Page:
We just finished a very successful four-week trial of the the 4-Hour Body diet with several thousand participants.
84% of people who stuck to the program lost weight and the average weight loss was 8.6 pounds. These numbers are very strong.
The diet is based on developing a few key habits: Slow-carb diet (no processed carbs or dairy), taking cold showers, eating 30 grams of protein within 30 minutes of waking up, exercising, and measuring your weight, body fat and total inches.
Below are the results and insights we found around what 4-Hour Body Diet habits led to success. We’re planning to do a lot more diet research and have included a section below about future directions. Even so, this initial trial was very informative.
The data we used comes from a large pool of Lift usage data (3,500 participants) and responses from a follow-up survey to Lift users in which 200 people participated.
Summary: 4-Hour Body Works
Not only did 84% of people who stuck to the diet for four weeks lose weight, 14% of people lost more than 15 pounds. That’s a lot of success for such a short amount of time.
Two habits correlated strongly with weight loss: eating a lot of eggs and eating veggies.
Two habits correlated with failure: heavy alcohol consumption and giving up on cold showers.
Defining Success: Lost Weight vs. Stasis
Across all our data, 16% of people didn’t lose weight. Let’s call this the baseline stasis rate. The margin of error on this survey is 5%. We can use this to claim a correlation between sub-behaviors on this diet and success.
Eat eggs and veggies.
People who reported either eating two dozen eggs per week or “too many!” eggs had a stasis rate of 10% and 11%. That correlates with greater success on the diet (i.e. the data suggests you should be aggressively eating eggs for the purposes of this diet).
We saw a much bigger signal from people who weren’t including veggies in their daily meals. Their stasis rate was 25%. Your mom was right: eat your veggies.
We asked a couple of questions that touched upon how consistently people stuck to their diet habits.
28% of people scrambled to find acceptable meals each day (presumably meaning that many meals weren’t strictly appropriate for the diet).
21% of Lifters maintained their regular, social drinking habits on the diet. Tim recommends limiting alcohol and sticking to wine.
29% tried, but gave up on, cold showers.
You probably aren’t surprised that heavy drinking (25% stasis rate) didn’t help with weight loss. Haphazard eating also leaned that way (19% stasis). But what’s up with the cold showers?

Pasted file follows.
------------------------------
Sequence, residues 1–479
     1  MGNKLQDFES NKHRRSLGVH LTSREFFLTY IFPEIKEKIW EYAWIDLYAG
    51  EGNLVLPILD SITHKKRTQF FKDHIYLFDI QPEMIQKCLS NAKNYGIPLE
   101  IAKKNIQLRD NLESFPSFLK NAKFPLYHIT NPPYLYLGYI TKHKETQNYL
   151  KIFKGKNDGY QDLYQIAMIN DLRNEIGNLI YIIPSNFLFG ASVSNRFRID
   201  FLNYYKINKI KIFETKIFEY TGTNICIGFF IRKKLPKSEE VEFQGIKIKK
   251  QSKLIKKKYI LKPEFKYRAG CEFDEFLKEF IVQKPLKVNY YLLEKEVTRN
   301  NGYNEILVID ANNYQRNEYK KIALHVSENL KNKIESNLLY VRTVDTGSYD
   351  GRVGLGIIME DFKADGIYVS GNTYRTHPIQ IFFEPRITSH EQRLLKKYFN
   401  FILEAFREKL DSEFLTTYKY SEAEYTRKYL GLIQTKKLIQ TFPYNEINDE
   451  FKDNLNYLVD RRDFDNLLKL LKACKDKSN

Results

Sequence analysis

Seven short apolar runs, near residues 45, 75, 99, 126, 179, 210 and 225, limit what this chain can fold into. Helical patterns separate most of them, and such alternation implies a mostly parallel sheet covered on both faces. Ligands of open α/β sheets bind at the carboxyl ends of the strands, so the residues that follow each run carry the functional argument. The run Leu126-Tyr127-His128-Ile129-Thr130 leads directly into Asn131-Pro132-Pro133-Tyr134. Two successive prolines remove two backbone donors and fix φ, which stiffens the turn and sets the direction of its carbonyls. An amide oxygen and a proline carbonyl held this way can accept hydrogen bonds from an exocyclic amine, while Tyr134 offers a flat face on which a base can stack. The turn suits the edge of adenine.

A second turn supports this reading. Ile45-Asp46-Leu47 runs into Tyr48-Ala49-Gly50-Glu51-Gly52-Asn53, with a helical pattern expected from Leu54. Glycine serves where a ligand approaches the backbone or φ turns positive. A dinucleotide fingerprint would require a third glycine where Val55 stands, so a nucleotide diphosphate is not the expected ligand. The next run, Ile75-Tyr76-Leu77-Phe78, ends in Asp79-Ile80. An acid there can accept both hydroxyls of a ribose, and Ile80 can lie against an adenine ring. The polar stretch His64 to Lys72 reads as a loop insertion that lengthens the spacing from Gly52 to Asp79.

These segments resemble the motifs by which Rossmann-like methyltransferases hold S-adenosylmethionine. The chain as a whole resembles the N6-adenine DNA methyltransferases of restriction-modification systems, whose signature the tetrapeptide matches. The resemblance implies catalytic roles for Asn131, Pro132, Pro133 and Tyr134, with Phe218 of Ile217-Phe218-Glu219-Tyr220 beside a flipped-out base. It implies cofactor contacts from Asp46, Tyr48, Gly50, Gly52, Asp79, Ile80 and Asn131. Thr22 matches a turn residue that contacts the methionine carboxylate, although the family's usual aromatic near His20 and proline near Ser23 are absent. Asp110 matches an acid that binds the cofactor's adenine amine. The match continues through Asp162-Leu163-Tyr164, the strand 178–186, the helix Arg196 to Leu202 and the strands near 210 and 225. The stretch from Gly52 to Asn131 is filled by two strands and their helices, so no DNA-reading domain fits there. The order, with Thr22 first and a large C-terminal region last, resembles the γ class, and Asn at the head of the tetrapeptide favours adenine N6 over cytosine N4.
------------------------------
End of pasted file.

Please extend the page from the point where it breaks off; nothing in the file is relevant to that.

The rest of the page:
Not taking cold showers and taking cold showers showed up evenly. It didn’t matter which one you chose as long as you stayed consistent.
But people who tried the cold showers and then gave up? They had a 29% stasis rate. This was the highest correlation of anything in the survey. Maybe it’s an indicator of weak wills or failure in other aspects of the diet. I’m one of them, although I managed to lose weight. I tried cold showers four times and then decided I didn’t have the heart to keep going.
Enjoy Cheat Day
I have good news: cheat day eating habits didn’t have any effect on success rate. It didn’t matter what you craved (61% of you crave sweets) or if you ate in excess (combining beer, cheese, frieds, and sugars). So keep eating whatever you’d like on your day off.
However, I saw enough people who anecdotally reported massive weight gains on cheat day, that I’d recommend you to measure this for yourself.
This was our first in-depth investigation into a goal and it’s associated habits. There are a lot of ways we can strengthen our research, but I’m unapologetically excited to share these early results with you. As far as I can tell, this is already the most in-depth research into the Four Hour Body diet. Our plan is to do a lot more of this but better:
#1. How much weight will these people have kept off in a year or two years? We’re going to try to find out, although some of the best anecdotal stories were from people who’d been on the diet for several years.
#2. How does the 4-Hour Body compare to other diets? There’s definitely a bias in the Lift community toward high achievement. We can help control for that by running this sort of research across multiple diets.
#3. How does this diet affect other health markers like blood pressure and cholesterol levels? Muscle gain?
Thanks for reading and participating in the challenge. Even though the challenge is over, you can still sign up for Lift and search for 4HB.
Tony & the Lift Team